Research in diverse populations is critical to uncover disease etiology and estimate disease risk. Populations vary on disease burden and their DNA make-up, including the frequencies of alleles at genetic variants. The extent to which disease-associated genetic risk is specific to a particular population or shared across populations may be related to differences in genetic variation. Admixed populations can carry genetic risk driven by population specific variants from less characterized populations. Our studies in diverse populations have leveraged differences in population genetic architecture to map loci associated with disease and biomarkers of disease. We have also shown that genome-wide association studies from diverse populations improve disease risk prediction of polygenic risk scores. Increasing genomics resources in diverse populations will be important to fully characterize disease risk in populations and to provide insights into possible disease mechanisms. Approaches that incorporate the complexities of genetic diversity should improve the utility of genomics in global populations for prevention and clinical care.
Division of Bioinformatics and Biostatistics
National Center for Toxicological Research (NCTR)
U.S. Food and Drug Administration
Dr. Weida Tong is Director of the Division of Bioinformatics and Biostatistics at FDA’s National Center for Toxicological Research (NCTR). He has been an FDA Senior Biomedical Research and Biomedical Product Assessment Service expert since 2011, an Arkansas Research Alliance fellow since 2016, and a member of the Arkansas Academy of Computing since 2021. He has served on science advisory boards for several multi-institutional projects in Europe and the U.S. and also holds adjunct appointments at several universities. His primary research interests are in the fields of bioinformatics, artificial intelligence (AI), molecular modeling and data analytics for biomarker discovery, drug safety and repurposing, pharmacogenomics/toxicogenomics, and precision medicine.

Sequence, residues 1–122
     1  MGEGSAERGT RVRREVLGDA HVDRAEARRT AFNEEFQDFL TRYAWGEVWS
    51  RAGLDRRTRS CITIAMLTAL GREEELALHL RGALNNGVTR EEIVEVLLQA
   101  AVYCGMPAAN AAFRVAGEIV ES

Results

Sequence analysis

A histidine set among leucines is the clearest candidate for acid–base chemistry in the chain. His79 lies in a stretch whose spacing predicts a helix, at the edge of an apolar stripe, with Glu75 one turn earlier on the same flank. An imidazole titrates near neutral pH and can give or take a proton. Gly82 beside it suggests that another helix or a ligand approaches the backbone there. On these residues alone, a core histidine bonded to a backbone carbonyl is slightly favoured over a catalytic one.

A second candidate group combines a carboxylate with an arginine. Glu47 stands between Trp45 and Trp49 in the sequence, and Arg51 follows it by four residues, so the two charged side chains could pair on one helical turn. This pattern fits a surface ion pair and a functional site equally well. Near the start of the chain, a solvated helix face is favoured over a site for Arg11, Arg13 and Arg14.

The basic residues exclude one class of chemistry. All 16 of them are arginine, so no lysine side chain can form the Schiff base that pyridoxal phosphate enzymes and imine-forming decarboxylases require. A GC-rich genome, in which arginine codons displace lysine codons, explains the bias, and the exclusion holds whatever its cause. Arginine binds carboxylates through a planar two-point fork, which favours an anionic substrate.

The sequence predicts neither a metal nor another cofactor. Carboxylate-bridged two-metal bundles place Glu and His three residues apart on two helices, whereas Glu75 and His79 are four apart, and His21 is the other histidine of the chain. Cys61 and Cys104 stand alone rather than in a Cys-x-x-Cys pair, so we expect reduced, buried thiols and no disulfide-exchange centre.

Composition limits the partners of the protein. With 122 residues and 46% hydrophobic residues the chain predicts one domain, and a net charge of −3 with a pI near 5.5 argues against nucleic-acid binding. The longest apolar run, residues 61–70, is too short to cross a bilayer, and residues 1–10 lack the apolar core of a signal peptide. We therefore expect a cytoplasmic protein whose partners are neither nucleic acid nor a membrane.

Dr. Tong has published over 300 peer-reviewed papers and book chapters.
For more information, visit Dr. Tong's webpage
Title: The Ascent of AI: Predicting Drug-Induced Liver Injury
Artificial intelligence (AI) has made a significant mark in the past decade and demonstrated its utility in the broad area of predictive toxicology and clinical application. The rapid advancement in AI also presents several opportunities and challenges to regulatory agencies with questions such as (1) how to assess and evaluate AI-based products and (2) how to develop and implement AI-based application to improve the agencies functions. In this presentation, the current thinking and on-going efforts at FDA in the area of regulatory science research will be discussed with a focus on drug safety. AI consists of two application categories, predictive and generative; both are critical to assess drug safety. Predictive algorithms learn from existing data/information to predict future outcomes, while generative algorithms produce new data with AI-driven study design. Examples will be given from the FDA projects in both AI application categories with assessing drug-induced liver injury (DILI). Specifically, a novel deep learning model for DILI prediction (called DeepDILI) will be introduced to support drug discovery and development through the FDA ISTAND qualification mechanism (ISTAND: Innovative Science and Technology Approaches for New Drugs). In addition, a generative model using GAN method called AnimalGAN will be discussed as an alternative way of replacing animal model with AI. The presentation will conclude with a general framework of combining both discriminatory and generative AI in drug safety assessment.